Kelly Gallaher, the organizer for the local progressive group Community for Change, said when she was with a group of people on Friday near a laundromat by River Run Family Restaurant, 3616 Northwestern Ave., someone sped directly at a group of organizers. People ran out of the way, she said. “It was that close,” Gallaher said.

Also on Saturday, a driver deliberately backed his vehicle toward people collecting signatures outside All Sports Pub, 3458 Rapids Drive, Gallaher said. That same day, Gallaher said someone threw a big glass of soda or some other drink at a man collecting signatures outside the Social Security Office, 4020 Durand Ave.

“It’s concerning,” Gallaher said. “My biggest fear is that someone is going to get hurt.”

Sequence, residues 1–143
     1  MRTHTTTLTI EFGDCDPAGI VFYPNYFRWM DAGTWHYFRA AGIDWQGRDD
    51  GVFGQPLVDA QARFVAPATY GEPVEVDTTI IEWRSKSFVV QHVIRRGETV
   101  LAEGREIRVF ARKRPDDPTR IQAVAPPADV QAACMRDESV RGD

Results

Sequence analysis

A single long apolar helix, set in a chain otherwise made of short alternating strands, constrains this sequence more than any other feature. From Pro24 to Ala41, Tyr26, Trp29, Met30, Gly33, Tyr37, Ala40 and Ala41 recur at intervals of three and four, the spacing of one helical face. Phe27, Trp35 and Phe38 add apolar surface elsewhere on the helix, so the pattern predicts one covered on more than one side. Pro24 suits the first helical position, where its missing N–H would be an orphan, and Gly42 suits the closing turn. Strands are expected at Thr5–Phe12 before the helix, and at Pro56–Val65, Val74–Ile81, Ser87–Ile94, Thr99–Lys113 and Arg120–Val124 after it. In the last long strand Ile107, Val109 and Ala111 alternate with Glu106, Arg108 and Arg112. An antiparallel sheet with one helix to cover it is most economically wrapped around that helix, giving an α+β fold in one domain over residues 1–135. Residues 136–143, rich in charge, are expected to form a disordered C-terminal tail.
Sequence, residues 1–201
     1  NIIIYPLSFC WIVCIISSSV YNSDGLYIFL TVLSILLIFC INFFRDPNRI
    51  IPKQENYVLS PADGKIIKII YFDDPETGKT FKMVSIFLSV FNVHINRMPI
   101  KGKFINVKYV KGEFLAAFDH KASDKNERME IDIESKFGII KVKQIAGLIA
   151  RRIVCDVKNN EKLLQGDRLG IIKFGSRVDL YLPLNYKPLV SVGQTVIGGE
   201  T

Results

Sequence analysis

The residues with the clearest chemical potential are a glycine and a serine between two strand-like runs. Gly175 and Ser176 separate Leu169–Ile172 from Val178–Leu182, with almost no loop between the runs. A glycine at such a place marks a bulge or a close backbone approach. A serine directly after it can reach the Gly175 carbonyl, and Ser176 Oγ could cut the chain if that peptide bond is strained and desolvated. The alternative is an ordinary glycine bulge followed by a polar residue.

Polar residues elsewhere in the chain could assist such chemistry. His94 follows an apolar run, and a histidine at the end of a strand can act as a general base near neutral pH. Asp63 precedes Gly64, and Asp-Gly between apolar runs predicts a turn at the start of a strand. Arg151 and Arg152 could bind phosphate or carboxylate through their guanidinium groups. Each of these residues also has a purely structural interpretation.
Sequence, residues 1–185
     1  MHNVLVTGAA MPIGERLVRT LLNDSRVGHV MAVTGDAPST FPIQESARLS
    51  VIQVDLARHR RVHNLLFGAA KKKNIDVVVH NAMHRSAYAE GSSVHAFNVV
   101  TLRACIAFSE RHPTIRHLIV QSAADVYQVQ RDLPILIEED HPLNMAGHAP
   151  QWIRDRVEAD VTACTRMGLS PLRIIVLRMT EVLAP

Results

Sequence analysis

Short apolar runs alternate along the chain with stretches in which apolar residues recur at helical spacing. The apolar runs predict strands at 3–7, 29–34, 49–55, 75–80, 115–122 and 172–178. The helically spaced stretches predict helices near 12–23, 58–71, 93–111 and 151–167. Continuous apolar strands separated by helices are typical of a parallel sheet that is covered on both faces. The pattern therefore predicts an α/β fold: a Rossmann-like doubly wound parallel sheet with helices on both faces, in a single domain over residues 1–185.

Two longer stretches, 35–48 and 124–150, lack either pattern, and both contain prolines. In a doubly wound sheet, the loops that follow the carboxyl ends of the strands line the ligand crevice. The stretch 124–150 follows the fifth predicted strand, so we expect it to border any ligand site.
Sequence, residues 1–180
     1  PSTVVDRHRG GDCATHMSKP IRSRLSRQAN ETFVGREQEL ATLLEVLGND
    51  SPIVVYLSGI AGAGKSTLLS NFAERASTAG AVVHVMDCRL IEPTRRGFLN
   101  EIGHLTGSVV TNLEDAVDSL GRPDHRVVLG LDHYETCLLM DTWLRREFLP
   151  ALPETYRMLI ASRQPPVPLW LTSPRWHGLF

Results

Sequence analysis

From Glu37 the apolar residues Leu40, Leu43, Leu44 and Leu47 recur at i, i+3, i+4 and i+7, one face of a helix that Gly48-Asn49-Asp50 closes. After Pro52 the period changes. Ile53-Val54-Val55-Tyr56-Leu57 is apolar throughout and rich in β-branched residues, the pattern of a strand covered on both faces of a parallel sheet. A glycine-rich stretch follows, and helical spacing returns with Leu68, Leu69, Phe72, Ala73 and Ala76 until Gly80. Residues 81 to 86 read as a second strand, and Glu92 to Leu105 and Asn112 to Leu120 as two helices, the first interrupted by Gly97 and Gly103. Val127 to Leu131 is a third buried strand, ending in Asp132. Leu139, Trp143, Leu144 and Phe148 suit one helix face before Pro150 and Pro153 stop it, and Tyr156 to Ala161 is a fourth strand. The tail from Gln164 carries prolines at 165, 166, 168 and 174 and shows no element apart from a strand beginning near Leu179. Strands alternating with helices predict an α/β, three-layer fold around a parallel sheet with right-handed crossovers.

And what have the local Republican Party folks done about this?  Not a whole lot.  While condemning incidents like this (without admitting they actually have happened, mind you), Racine Republican Party Chairman Bill Folk was more concerned about the recall petitioners getting signatures outside local businesses.  From the Journal-Times article (the same one that quoted Gallagher):

While Folk has not heard directly about people harassing people collecting recall signatures, he said he has heard complaints about people collecting signatures on property where they shouldn’t be, which concerns him.

“If they are not getting permission from the business owners, it’s exposing the business owners to a political segment they may or may not agree with,” Folk said. “They are putting a business owner in an awkward situation politically.”